Shale Hills is a small (0.08km2) catchment of Shale Hills Critical Zone Observatory (SHCZO) that is entirely underlain by the Silurian-age Clinton group which is made up of iron-rich, organic-poor shale of the Rose Hill Formation (Brantley et al., 2018). Its consistent lithology makes Shale Hills particularly interesting for research on the critical zone. There are several groundwater wells drilled to different depths at Shale Hills. Surface water at Shale Hills is sampled at the catchment outlet at a weir (Wayman, 2018). Many measurements are recorded at Shale Hills, like relative humidity, precipitation, temperature, and gas fluxes.
Sampling from the groundwater wells and taking surface water samples at Shale Hills are important parts of the SHCZO’s research on nutrient pollution. Thirty-two groundwater wells are in Shale Hills, ranging from 1 to 35m deep (Brantley et al., 2018). In some wells, HOBO* sensors are deployed, and measurements are taken at 15-minute intervals. The measurements at Shale Hills come from a mix of vented and non-vented systems. Vented systems are vented to the atmosphere and account for barometric pressure. Non-vented systems do not account for barometric pressure and measurements must be adjusted to take this into account. The outlet and weir at Shale Hills is used to take surface water samples. Weirs are best for small streams. The weir is used to measure the discharge of the stream.
In addition to water samples, understanding Earth-atmosphere interactions is important to understanding the critical zone. A tower at the top of the watershed measures land-atmosphere exchanges of water, energy, momentum, and CO2 fluxes. Measurements are continuously taken, and carbon fluxes have a resolution of 30 minutes. Sensible heat flux**, evapotranspiration, momentum flux, and CO2 flux are measured via eddy covariance*** (Brantley et al., 2018). These measurements represent Earth-atmosphere exchange over an area of roughly 1km². This area varies with wind direction and atmospheric stability.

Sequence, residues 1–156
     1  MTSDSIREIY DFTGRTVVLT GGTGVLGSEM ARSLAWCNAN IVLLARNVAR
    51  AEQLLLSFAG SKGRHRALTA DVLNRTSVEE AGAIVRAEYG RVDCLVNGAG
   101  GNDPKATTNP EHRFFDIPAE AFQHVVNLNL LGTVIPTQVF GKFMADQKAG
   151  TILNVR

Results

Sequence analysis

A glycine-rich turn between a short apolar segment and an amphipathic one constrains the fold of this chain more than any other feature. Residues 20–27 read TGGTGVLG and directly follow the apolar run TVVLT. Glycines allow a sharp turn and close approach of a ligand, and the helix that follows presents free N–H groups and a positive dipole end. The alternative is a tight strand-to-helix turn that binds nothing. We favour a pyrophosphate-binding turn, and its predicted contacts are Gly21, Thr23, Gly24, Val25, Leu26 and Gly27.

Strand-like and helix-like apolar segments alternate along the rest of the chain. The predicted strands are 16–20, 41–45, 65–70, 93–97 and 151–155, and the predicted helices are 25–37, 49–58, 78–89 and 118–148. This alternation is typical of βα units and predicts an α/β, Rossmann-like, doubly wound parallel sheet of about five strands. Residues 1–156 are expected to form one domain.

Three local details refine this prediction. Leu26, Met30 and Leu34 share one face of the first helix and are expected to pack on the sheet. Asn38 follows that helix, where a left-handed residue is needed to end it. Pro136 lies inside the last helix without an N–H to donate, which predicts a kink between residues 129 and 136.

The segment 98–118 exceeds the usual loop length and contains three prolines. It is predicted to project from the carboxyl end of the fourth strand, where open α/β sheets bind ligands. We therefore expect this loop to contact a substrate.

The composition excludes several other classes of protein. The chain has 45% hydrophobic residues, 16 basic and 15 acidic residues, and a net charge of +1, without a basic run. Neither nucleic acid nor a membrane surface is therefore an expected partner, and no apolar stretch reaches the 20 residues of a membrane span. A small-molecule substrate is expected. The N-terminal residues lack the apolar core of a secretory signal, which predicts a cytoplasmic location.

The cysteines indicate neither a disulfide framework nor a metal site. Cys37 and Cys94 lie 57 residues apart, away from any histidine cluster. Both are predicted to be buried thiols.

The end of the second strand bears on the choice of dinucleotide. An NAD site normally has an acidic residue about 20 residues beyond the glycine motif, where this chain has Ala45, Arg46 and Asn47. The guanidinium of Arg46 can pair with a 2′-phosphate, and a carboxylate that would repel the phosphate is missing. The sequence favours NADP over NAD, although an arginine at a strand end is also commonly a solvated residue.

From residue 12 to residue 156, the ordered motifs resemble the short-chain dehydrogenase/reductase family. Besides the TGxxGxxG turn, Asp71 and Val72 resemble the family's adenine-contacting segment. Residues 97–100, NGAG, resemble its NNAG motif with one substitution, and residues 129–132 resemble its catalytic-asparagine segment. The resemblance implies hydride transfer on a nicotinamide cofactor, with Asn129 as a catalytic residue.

Two other ongoing projects that the SHCZO monitors are soil moisture and vegetation. There are four GroundHOG sites at Shale Hills. GroundHOG sensors are a cost-effective way to monitor the critical zone in a small catchment. These sites are at ridgetop, midslope, and valley floor along the south hillslope, with a fourth site at the north midslope (Brantley et al., 2018). When examining vegetation, surveying above-ground biomass is an easy way for us to keep track of growth. Every four years, all trees in the watershed with a diameter of more than 20cm are surveyed. During this survey, vitality and injuries are noted, diameter is measured, and the crown class compared with the surrounding trees is assigned. In addition, 100 trees in the watershed have dendrometers, tight bands used to measure annual diameter growth, that complement the data collected every 4 years (Brantley et al., 2018).
Garner Run is a forested catchment that is made up of trees that regrew after the widespread tree harvesting at the beginning of the 20th century. Because of this, the oldest trees in Garner Run are 90 years old (Li et al., 2018). Unlike Shale Hills that has a hummock-hollow topography from tree-throw, Garner Run’s topography is defined by periglacial movements (Li et al., 2018). The research at Garner Run is mostly focused on the topography of the area and the forested environment.
Soil CO2 has been monitored at Garner Run since 2015. CO2 increases with depth and is seasonally dependent. These seasonal differences are also influenced by topography (Li et al., 2018). Soil pits were dug in Garner Run to compare the root density at Garner Run to Shale Hills. Roots at Garner Run were observed to be deeper and denser than those at Shale Hills (Li et al., 2018).
While the data collection at Garner Run is like that of Shale Hills, the unique topography of Garner Run provides researchers with an interesting challenge. The research at Garner Run is primarily focused at examining the topography and its environment as a forest.
- Brantley, S. L., White, T., West, N., Williams, J. Z., Forsythe, B., Shapich, D., Kaye, J., Lin, H., Shi, Y., Kaye, M., Herndon, E., Davis, K. J., He, Y., Eissenstat, D., Weitzman J., DiBiase, R., Li, L., Reed, W., Brubaker, K., Gu, X. (2018). Susquehanna Shale Hills Critical Zone Observatory: Shale Hills in the context of Shaver’s Creek watershed. Vadose Zone Journal, 17(1), 180092. doi:10.2136/vzj2018.04.0092
- Li, L., DiBiase, R. A., Del Vecchio, J., Marcon, V., Hoagland, B., Xiao, D., Wayman, C., Tang, Q., He, Y., Silverhart, P., Szink, I., Forsythe, B., Williams, J. Z., Shapich, D., Mount, G. J., Kaye, J., Guo, L., Lin, H., Eissenstat, D., Dere, A., Brubaker, K., Kaye, M., Davis, K. J., Russo, T., Brantley, S. L. (2018). The effect of LITHOLOGY and agriculture at the susquehanna SHALE HILLS Critical Zone Observatory. Vadose Zone Journal, 17(1), 180063. doi:10.2136/vzj2018.03.0063
- Wayman, C. R., & Brantley, S. L. (2018). Understanding the effects of hydrologic connectivity, land use, and lithology on land use across scales: from a zeroth order catchment to a HUC 10 watershed in the Susquehanna River Basin [Unpublished master’s thesis, The Pennsylvania State University]